Mobile Apps

Iowa to Lead Digital Driver’s License Movement

Iowa will be the first state in the U.S. to allow drivers to display their license on a mobile device instead of the traditional plastic card. The plan has raised some concerns over privacy, security, and even the physical safety of drivers who might be suspected of reaching for a gun when all they're doing is grabbing their phone. The Iowa DoT intends to develop a plan to address those and other issues.

Iowa plans to issue digital drivers’ licenses in the form of a smartphone app by next year, Paul Trombino, director of the Iowa Department of Transportation, said earlier this week at a public state agency budget hearing.

The digital license will be accepted by Iowa law enforcement officers conducting traffic stops, as well as by security officers who screen travelers at Iowa’s airports.

The app will be highly secure and will be provided free to drivers as an alternative to the traditional paper license, the Iowa DoT said.

Security and the Smartphone

“The security posture of mobile application development is still very immature, and mobile phones are like black boxes where you cannot see what the app is actually doing,” said Paul Ferguson, vice president of threat intelligence atIID.

“You can’t be sure if it’s secure, if it’s properly implementing SSL, or if it leaks personally identifying information,” he told TechNewsWorld. “A smartphone doesn’t have to be stolen or lost to be compromised.”

The license reportedly will have an animated image of the driver’s face rotating from side to side. Also, the Iowa DoT will be able to remotely disable the app on lost or stolen cellphones.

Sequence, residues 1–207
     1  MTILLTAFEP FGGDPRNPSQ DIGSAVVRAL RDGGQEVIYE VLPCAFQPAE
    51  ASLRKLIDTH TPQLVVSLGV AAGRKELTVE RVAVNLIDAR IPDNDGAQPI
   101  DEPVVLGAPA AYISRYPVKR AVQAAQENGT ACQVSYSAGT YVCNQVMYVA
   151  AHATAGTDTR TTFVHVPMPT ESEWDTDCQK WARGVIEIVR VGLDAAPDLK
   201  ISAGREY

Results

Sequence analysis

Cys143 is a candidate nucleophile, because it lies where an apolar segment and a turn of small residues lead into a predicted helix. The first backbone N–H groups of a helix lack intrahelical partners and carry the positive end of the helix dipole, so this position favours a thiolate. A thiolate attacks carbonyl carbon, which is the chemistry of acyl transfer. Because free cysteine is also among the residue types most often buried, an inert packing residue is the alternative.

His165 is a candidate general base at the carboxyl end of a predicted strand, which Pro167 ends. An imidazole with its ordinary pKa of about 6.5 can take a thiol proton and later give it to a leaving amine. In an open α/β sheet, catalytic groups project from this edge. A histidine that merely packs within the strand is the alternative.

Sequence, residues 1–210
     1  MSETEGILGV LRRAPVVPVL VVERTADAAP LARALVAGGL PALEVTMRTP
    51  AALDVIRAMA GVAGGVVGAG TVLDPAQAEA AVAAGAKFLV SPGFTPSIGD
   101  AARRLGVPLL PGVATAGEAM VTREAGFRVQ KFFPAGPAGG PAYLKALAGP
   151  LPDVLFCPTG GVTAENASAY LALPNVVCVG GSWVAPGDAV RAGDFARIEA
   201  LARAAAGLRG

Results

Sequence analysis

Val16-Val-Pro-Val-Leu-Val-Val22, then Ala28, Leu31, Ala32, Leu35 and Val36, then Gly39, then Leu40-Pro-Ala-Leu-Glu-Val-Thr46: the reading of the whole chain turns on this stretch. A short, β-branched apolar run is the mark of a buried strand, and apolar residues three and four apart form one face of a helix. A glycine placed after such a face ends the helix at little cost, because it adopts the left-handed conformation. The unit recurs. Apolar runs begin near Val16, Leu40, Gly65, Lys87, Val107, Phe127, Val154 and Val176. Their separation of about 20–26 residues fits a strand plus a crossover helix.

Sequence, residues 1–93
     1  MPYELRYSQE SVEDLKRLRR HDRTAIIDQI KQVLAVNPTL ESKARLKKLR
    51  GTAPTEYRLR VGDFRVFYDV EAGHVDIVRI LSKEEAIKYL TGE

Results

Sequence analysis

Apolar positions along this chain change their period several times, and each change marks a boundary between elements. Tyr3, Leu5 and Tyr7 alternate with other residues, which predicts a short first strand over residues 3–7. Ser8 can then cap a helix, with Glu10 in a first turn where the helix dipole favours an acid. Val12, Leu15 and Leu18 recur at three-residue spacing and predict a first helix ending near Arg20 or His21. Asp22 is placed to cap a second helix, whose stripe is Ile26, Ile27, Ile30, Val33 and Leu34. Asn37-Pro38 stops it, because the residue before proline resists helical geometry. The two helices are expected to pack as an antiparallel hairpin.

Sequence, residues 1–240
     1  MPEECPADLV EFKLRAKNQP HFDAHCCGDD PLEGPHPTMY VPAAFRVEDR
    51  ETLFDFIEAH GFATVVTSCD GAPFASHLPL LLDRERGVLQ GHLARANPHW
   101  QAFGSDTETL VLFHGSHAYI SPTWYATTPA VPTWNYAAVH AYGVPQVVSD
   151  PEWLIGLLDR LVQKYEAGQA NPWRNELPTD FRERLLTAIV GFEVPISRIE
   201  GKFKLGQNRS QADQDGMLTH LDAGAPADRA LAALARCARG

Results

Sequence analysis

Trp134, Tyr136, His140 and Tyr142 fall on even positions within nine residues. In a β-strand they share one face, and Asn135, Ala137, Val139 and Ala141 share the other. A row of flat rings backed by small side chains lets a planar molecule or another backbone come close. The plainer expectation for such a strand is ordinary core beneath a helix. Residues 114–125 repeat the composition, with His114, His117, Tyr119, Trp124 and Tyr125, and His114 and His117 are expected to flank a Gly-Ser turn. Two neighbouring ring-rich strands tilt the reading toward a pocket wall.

“I believe that the use of a PIN, as well as a biometric measure such as fingerprints or facial recognition, will be implemented in order to access the application on a phone,” Iowa DoT spokesperson Andrea Henry told TechNewsWorld.

However, the license is still in development, and security measures to be included have not yet been finalized.

Drivers can carry a paper driver’s license for backup, Henry noted.

Smartphones and the Strong Arm of the Law

People with a digital driver’s license on a smartphone might be at risk not only from cybercriminals but also from the police.

Legal battles are raging throughout the United States over whether the police need a warrant to seize information on cellphones.

The U.S. Supreme Court ruled in June that they do.

However, the requirement for a warrant to seize information from someone’s cellphone could depend on what part of the country they are in, suggested a report in The PoliceChief magazine.

“That is certainly a real risk,” said Yasha Heidari of the Heidari Power Law Group. “I could see this leading to possible abuse.”

Or, police officers could illegally download revealing photos of cellphone owners from their devices and share them with others, as some members of the California Highway Patrol reportedly have done.

“Having technology at our fingertips tends to mollify what would otherwise be prudent behavior,” Heidari told TechNewsWorld..

“These are some of the issues that we are working through,” Iowa DoT’s Henry remarked.

Law enforcement may be given equipment to scan the image of the driver’s license on a smartphone and verify identification and driving credentials, she disclosed.

The Iowa DoT also is looking at the possibility of having a “share” mode for cellphones, Henry said. When users place their phones in this mode, only the driver’s license will be accessible to law enforcement.

Reaching for a Gun…

Another possible danger for people with digital drivers’ licenses is the possibility of being shot by the police.

Police have shot and killed people who were carrying iPods, cellphones, a set of keys, and a cane, claiming they saw a gun, as Mother Jones reported. The victims include a 70-year-old white man.

“Part of the implementation of the application, once it’s available, will be a communication plan to law enforcement, airports, TSA, retailers and the public on how to properly use the apps,” Henry said. The plan “would address scenarios such as this.”

Richard Adhikari

Richard Adhikari has written about high-tech for leading industry publications since the 1990s and wonders where it's all leading to. Will implanted RFID chips in humans be the Mark of the Beast? Will nanotech solve our coming food crisis? Does Sturgeon's Law still hold true? You can connect with Richard on Google+.

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